Female adolescent athletes may take more than twice as long to recover from concussions as their male counterparts, a small study suggests.
Researchers examined data on 110 male and 102 female athletes, ranging in age from 11 to 18 years, who sustained their first concussion while participating in sports.
Half of the girls reported still having symptoms at least 28 days after sustaining a concussion, while half of the boys no longer had symptoms after 11 days, the study found. “We have known for at least the last decade that females who participate in similar sports as males have higher rates of concussion,” said Dr. Mark Halstead, director of the Sports Concussion Clinic at St. Louis Children’s Hospital.
“Boys and girls likely have different recovery courses, but we have to treat each concussion individually,” Halstead, who wasn’t involved in the study, said by email. “Adult coaches need to create an environment and culture for their players that stresses that a concussion is an important injury to not downplay and encourage the reporting of symptoms.”
Concussions represent almost 9 percent of all injuries in high school athletics, note Dr. John Neidecker, a sports concussion specialist in Raleigh, North Carolina, and his colleagues in the Journal of the American Osteopathic Association. Emergency room visits for sports concussions have surged in recent years due to both heightened awareness of these injuries and the increased intensity and duration of practices and competitions, they write.
To assess the duration of symptoms, the researchers examined patient records for young athletes treated for concussions at one medical practice in New Jersey from 2011 to 2013. The athletes were 15 years old on average.
Injured boys most often participated in football, soccer, wrestling, lacrosse and ice hockey. Most of the girls who sustained concussions participated in soccer, basketball, softball, field hockey or cheerleading.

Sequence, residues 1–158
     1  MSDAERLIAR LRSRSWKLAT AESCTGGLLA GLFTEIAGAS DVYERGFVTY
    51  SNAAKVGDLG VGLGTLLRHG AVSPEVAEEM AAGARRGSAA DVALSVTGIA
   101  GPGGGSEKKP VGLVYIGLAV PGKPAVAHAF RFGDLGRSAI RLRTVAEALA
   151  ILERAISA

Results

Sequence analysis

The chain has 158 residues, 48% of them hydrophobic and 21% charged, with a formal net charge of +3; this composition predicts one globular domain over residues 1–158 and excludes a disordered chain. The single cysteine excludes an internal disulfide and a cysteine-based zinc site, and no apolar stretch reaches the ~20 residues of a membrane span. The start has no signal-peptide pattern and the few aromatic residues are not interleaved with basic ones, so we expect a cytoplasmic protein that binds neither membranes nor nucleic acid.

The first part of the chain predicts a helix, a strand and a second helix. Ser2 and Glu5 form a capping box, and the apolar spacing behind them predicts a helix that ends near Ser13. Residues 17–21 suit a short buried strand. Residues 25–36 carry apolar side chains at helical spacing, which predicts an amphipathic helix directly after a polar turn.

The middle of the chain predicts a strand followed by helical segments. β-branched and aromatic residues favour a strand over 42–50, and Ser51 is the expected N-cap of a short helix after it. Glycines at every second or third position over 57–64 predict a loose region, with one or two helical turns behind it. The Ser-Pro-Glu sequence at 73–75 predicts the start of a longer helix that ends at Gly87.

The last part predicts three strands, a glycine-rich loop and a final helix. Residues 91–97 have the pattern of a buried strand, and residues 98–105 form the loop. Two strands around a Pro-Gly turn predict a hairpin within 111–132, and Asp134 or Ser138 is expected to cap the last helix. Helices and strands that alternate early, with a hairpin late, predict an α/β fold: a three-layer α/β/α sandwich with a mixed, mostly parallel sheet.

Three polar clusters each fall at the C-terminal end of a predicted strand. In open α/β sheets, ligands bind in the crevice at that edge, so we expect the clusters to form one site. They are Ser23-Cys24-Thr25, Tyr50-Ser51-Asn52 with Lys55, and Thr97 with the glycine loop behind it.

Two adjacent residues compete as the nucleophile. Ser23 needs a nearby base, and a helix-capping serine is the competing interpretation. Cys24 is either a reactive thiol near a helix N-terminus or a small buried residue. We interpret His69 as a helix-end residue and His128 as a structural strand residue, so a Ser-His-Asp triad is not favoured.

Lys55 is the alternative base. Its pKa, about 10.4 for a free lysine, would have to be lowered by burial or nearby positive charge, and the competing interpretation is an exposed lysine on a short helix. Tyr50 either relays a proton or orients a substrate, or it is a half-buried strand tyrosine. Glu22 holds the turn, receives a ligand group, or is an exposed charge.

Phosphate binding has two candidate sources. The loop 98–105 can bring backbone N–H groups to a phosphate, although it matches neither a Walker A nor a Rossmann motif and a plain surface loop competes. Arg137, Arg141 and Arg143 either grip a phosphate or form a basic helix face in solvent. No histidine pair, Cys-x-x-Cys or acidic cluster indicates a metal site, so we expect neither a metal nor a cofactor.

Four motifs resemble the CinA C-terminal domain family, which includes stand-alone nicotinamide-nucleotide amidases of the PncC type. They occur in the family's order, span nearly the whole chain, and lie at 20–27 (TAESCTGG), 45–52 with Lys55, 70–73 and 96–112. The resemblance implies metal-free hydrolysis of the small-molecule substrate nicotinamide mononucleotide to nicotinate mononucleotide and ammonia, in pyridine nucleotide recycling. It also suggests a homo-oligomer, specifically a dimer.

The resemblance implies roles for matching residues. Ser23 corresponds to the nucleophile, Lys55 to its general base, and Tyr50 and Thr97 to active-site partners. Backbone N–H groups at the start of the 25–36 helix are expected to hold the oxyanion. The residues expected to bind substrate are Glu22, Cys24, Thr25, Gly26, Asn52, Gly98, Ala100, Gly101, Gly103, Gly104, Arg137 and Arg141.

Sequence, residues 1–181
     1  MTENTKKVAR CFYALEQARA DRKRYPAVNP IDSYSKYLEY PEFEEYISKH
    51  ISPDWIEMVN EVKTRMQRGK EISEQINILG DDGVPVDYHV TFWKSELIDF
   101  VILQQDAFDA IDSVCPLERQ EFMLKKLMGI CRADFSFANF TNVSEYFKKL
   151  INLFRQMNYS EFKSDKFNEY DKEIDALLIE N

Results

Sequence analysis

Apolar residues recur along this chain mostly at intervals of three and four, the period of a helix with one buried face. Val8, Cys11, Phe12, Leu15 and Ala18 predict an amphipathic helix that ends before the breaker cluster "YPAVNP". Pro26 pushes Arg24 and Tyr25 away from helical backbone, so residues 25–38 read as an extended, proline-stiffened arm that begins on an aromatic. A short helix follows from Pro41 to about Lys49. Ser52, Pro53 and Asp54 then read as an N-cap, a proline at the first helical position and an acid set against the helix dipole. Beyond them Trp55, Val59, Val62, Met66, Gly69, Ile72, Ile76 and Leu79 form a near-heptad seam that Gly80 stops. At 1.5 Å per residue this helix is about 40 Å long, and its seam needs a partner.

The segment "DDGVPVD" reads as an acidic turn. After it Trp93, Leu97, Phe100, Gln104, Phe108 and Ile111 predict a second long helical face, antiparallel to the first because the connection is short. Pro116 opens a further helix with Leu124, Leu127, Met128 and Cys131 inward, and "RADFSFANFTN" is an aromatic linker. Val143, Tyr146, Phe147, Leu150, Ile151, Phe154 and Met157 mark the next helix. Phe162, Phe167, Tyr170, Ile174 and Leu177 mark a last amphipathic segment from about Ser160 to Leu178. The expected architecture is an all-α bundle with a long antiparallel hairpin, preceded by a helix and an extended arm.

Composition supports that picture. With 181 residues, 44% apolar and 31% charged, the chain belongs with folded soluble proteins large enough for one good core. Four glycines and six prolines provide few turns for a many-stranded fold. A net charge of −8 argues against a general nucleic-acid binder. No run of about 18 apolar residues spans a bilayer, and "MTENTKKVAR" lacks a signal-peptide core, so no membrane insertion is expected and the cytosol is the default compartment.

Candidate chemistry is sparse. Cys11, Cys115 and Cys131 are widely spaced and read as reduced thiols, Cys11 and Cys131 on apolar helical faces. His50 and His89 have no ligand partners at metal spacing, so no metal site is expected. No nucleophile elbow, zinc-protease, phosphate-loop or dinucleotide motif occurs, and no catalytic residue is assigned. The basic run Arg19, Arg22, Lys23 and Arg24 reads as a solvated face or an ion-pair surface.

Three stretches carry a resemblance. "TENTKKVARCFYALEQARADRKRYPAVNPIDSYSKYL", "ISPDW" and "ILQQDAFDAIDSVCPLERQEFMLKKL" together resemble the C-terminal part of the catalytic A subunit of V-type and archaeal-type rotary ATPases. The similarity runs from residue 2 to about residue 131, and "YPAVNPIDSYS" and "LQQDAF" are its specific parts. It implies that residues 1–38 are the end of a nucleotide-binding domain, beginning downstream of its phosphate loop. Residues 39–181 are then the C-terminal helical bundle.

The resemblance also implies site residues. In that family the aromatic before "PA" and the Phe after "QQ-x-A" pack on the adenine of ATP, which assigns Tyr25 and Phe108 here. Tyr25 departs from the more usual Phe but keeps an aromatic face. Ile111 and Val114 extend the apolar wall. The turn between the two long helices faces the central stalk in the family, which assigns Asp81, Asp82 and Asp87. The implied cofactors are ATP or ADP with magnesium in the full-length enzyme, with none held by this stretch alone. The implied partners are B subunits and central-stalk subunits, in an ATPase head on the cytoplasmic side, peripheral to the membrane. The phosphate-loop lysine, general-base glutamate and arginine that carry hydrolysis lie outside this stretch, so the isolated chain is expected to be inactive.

Overall, 75 percent of the boys recovered from their concussions within three weeks, compared to just 42 percent of girls.
There wasn’t a statistically meaningful difference in recovery time based on the type of sport played or whether athletes were participating in middle school or high school athletics.
Beyond its small size and focus on a single medical practice, another limitation of the study is that the medical records rely on teens to accurately recall and report their own symptoms during exams, the authors note. The researchers also didn’t have a complete picture of the circumstances that caused concussions or the severity of injuries.
It’s also possible that some of the difference in recovery time for boys and girls was due to pre-existing medical conditions, said Dr. Monica Vavilala, director of the Harborview Injury Prevention and Research Center (HIPRC) at the University of Washington in Seattle.
“More females had preexisting migraines and mental illness which may be very important and more so than inherent biological differences,” Vavilala, who wasn’t involved in the study, said by email. “Larger studies that specifically examine sex biology are needed to understand the effect of sex on recovery trajectory after concussion.”
While more severe concussions can produce more serious and lasting impairments, the study also didn’t detail the extent of cognitive, balance, vision or other symptoms, noted Anthony Kontos, research director of the Sports Medicine Concussion Program at the University of Pittsburgh.
“First and foremost, the current findings highlight the importance of seeking proper care following a concussion,” Kontos, who wasn’t involved in the study, said by email.
“There are a lot of treatment interventions from behavioral management to vestibular and vision therapy that help athletes recover from concussions,” Kontos added. “However, a large number – estimates are as high as 55 to 60 percent – of young athletes with concussions do not receive clinical care beyond the initial diagnosis.”